Ollie Pope: The 21-year-old who can solve England’s batting woes


Every now and again a young cricketer comes along that makes cricket supporters sit-up and take note.

Despite the rawness on the county circuit, they possess a natural talent that can be transferred onto the international scene like a duck to water; step forward Ollie Pope.

A Surrey boy, Ollie Pope played in every age group his home county had to offer. From playing in the under-9 side to making his first-class debut in 2017, Pope was the head student of the magnificent Surrey academy. Breaking through at a similar rate to the likes of Sam Curran and Amar Virdi, Pope had been the beneficiary of a well-structured Surrey set-up that allowed a number of home grown players to prosper.

So it should have been no surprise that the Chelsea born boy settled into the first-class game as he did; after all, this what had long been planned for him. Despite being only 19, an adolescent in batting years, he was ready.

Two years later and Ollie Pope can already argue to be the senior batsman in Surrey’s lineup. Averaging a tick under 59, Pope’s effortless transition into the supposed arduous day-to-day nature of county cricket had been seamless. Batting at five or six, the young batsman was given the licence to play freely without feeling the natural burden of top-order stroke-making.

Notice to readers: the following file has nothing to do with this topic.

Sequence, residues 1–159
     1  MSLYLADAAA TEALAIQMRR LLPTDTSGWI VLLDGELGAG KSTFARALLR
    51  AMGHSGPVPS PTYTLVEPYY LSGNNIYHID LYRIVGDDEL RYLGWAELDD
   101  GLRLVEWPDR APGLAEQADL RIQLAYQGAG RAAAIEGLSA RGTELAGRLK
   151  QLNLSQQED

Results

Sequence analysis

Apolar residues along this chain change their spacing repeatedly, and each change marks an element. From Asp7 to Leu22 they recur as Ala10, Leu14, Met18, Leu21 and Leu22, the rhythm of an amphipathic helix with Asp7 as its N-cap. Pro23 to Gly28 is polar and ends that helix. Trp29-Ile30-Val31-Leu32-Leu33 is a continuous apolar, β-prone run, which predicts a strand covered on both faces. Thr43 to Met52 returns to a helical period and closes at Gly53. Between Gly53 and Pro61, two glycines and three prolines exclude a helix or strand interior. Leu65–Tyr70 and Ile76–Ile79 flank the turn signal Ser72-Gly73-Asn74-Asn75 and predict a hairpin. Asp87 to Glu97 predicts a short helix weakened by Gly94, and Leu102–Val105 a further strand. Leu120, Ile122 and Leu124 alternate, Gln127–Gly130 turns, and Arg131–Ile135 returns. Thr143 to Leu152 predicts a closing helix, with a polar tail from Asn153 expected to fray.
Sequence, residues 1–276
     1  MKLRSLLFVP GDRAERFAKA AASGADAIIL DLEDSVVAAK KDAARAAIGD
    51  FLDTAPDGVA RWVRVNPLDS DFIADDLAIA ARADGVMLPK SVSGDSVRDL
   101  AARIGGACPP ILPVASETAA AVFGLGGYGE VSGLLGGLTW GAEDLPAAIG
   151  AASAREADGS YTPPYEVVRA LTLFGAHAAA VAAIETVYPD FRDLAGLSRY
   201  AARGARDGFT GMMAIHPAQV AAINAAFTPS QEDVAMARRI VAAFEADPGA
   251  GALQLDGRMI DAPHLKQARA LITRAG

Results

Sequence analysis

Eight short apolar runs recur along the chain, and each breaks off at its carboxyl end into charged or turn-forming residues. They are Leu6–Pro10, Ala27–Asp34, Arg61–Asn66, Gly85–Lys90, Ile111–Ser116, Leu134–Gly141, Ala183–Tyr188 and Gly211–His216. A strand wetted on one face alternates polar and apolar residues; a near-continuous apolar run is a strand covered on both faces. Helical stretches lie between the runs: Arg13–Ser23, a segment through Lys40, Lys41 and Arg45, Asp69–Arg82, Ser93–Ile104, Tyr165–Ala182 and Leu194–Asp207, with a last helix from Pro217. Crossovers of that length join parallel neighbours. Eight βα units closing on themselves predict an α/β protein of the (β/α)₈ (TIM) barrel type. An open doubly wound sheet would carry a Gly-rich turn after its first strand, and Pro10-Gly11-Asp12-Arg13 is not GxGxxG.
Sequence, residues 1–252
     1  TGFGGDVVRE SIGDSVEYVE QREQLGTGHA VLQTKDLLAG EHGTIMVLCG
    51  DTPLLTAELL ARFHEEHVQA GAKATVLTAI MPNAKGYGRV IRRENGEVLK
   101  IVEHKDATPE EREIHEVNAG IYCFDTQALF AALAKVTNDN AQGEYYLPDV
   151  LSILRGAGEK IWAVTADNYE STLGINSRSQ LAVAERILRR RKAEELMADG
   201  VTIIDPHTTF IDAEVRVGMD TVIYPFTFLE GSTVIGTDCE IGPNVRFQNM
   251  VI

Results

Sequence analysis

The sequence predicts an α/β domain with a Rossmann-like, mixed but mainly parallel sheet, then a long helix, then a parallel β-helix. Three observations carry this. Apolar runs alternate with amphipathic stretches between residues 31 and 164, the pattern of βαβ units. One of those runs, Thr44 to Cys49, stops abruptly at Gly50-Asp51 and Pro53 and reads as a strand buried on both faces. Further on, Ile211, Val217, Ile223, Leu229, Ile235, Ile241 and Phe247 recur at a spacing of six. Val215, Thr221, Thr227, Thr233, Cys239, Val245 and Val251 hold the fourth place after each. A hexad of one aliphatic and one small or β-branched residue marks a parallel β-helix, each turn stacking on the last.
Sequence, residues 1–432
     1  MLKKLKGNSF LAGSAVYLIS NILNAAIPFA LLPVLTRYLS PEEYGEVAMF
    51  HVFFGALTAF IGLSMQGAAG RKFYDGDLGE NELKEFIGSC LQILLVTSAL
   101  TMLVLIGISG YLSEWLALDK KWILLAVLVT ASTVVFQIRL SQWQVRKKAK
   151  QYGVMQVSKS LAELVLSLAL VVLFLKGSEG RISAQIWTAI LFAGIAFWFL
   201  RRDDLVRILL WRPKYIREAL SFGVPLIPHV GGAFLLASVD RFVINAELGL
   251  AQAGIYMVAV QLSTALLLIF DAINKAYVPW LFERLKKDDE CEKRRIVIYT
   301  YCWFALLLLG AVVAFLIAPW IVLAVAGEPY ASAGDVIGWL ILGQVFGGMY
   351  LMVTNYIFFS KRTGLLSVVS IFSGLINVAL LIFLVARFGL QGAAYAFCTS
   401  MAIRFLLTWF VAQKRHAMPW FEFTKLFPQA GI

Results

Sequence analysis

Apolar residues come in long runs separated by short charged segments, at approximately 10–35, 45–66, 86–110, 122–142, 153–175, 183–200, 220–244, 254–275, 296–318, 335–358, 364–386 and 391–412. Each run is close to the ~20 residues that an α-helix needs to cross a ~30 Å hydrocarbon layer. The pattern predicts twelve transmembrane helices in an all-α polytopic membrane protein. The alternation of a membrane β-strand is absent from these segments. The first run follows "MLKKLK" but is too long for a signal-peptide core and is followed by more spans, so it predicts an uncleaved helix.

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Four products of the Surrey academy made history as it was the first time since the Second World War that a county had fielded a team in the County Championship containing four teenagers – Photo: Daily Mail

Whilst Surrey were keen to steadily promote Pope up the order, England opted to take the leap of faith. Drawing comparisons to when a fresh-faced Joe Root burst onto Test scene against India in 2012, the England selectors felt Pope could replicate his exploits. Seven years later, Pope faced the same opposition.

Talk about being thrown into the deep end. Not only was he facing bowlers of a whole different calibre than what he had experienced previously, he was now summoned to bat at four, a totally unfamiliar position. At the height of the British summer where the ball swings round corners, England’s top-order failures meant more often than not, Ollie Pope was arriving at the crease 20 odd for 2.

Yet the sightless decision to bat him at four wasn’t the most bizarre thing. For years, England have banged the drum about giving an out of form player “one game more than one game less”- essentially they want to give an English player, usually a batsman, ample time to prove themselves on the international stage. However, Ollie Pope was given just two matches. Four innings. Every one of those batting at four.

For a young man, Pope would have been forgiven if he was to bury his head in the sand and his confidence knocked for six (no pun intended).  Throw into the equation a dislocated shoulder at the beginning of the following season, Pope could and should have faced an uphill battle to regain form and composure.